Asa Gray’s letter has not been found, but see the letter to Asa Gray, 21 July [1861] and n. 4.
CD discussed the necessity for insect aid in the pollination of Cypripedium in Orchids, pp. 273–6.
See Orchids, pp. 279–80.
Hooker had studied the rostellumn of Listera ovata (a synonym of Neottia ovata, eggleaf twayblade) and published a paper on the subject (Hooker 1854b). The point to which CD refers, however, is not discussed in this work. In Orchids, p. 139, CD stated that Hooker had described the structure of this species ‘minutely, and of course correctly’, though he had not attended to the role of insects in its fertilisation, whereas Christian Konrad Sprengel had ‘misunderstood both the structure and the action of the rostellum’. Listera cordata is a synonym of Neottia cordata, heartleaf twayblade; L. nidus-avis is a synonym of Neottia nidus-avis, bird’s-nest orchid.
CD had been writing up his materials on variation in fowl and ducks for inclusion in Variation. He completed the manuscript in May (see ‘Journal’; Appendix II).
Winkler trans. 1860.


Orchids: On the various contrivances by which British and foreign orchids are fertilised by insects, and on the good effects of intercrossing. By Charles Darwin. London: John Murray. 1862.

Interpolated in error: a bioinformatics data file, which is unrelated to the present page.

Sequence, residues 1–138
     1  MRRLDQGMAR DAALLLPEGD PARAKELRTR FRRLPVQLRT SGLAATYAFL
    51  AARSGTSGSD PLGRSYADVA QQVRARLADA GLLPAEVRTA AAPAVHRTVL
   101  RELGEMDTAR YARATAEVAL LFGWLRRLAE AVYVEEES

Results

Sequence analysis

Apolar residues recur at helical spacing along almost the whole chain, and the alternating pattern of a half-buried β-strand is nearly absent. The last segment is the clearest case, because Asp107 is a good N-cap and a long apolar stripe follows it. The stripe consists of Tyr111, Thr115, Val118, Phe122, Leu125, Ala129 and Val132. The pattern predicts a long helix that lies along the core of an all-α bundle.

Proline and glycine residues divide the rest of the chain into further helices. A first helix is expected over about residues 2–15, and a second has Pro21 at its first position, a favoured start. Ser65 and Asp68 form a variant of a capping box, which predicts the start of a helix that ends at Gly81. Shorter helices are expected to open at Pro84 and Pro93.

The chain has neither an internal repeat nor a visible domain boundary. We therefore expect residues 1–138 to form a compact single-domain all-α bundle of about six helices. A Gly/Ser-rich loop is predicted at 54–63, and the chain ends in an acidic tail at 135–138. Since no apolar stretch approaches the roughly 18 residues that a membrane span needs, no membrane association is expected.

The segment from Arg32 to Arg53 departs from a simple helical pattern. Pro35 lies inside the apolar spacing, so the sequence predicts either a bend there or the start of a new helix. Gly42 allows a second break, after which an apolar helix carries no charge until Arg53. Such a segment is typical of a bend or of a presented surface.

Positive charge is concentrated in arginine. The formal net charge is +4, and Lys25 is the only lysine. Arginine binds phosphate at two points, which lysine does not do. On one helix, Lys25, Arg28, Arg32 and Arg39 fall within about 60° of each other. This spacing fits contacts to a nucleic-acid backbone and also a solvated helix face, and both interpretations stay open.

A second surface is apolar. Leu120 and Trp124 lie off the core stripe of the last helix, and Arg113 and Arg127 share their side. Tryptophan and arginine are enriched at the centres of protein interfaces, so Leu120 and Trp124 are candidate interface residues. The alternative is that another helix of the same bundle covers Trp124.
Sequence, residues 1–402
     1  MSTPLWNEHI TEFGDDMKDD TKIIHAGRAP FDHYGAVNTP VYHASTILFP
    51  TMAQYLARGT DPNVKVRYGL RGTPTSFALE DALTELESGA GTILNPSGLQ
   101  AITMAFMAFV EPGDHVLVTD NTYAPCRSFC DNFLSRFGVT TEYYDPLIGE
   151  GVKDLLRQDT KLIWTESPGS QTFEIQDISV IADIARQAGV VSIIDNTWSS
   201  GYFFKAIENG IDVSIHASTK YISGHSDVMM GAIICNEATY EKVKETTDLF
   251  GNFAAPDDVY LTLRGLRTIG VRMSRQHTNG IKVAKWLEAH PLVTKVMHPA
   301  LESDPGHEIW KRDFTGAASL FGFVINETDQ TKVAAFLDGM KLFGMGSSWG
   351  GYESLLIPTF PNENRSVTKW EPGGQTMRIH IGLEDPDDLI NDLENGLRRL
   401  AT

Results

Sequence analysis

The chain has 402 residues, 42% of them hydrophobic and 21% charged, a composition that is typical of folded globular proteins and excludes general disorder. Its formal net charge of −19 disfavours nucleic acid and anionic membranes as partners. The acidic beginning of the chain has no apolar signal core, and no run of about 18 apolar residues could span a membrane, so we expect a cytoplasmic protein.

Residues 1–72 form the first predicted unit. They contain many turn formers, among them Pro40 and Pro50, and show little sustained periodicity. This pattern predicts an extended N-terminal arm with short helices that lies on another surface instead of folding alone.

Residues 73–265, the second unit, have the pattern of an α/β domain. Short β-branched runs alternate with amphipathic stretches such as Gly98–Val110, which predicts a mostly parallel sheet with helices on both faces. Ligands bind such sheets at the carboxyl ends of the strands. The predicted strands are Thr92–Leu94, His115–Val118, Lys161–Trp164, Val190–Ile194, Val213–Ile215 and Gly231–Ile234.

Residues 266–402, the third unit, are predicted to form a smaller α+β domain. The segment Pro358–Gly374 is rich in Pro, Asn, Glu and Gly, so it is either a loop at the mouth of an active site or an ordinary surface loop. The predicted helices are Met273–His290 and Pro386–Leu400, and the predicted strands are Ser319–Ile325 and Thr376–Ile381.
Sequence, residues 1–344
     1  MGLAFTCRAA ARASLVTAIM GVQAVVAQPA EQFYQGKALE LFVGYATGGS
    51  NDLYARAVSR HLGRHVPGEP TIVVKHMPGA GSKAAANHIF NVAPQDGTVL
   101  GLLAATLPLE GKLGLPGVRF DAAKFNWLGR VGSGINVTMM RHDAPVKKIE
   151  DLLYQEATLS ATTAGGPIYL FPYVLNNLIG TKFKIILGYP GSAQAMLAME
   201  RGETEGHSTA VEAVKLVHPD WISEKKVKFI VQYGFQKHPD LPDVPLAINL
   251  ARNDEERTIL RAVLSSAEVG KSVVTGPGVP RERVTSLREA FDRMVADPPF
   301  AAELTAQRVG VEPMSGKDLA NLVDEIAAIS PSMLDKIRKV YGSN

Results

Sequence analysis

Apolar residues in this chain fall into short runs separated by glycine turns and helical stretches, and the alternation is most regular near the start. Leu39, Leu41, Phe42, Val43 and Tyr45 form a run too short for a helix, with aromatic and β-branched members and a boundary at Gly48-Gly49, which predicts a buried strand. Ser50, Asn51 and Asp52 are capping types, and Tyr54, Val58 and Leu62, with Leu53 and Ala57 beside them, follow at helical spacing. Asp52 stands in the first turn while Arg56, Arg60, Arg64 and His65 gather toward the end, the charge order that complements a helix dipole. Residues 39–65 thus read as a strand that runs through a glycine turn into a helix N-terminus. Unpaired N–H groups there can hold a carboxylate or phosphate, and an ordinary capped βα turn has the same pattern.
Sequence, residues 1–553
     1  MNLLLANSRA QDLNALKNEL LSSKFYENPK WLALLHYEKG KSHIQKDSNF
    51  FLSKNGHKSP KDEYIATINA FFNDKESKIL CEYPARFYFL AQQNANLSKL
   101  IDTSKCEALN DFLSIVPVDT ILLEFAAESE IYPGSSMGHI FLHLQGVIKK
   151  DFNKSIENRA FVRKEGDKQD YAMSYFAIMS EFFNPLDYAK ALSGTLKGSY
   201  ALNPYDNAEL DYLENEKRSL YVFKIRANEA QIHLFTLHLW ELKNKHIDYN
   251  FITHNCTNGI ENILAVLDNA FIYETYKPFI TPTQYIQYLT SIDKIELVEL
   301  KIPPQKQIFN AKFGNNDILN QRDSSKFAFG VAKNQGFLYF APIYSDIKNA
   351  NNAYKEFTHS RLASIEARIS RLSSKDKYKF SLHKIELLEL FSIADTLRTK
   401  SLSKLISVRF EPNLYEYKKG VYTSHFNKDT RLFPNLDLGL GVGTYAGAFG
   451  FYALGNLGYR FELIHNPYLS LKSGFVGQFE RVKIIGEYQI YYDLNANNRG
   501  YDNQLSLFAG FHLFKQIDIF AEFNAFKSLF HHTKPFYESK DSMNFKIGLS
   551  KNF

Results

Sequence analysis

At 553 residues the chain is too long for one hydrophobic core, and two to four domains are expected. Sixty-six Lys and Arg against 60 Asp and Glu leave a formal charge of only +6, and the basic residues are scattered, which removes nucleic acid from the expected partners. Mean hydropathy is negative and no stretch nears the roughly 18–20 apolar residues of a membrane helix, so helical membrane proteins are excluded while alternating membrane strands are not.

Variation: The variation of animals and plants under domestication. By Charles Darwin. 2 vols. London: John Murray. 1868.


Puzzled by function of orchids’ rostellum.

Orchids’ pollen concentrated in two pollinia; hence one flower can fertilise only two others. This may explain precision of orchid pollination mechanisms.

Letter details

Letter no.
Charles Robert Darwin
Joseph Dalton Hooker
Sent from
Source of text
DAR 115: 109
Physical description
ALS 8pp

Please cite as

Darwin Correspondence Project, “Letter no. 3221,” accessed on 6 February 2023,

Also published in The Correspondence of Charles Darwin, vol. 9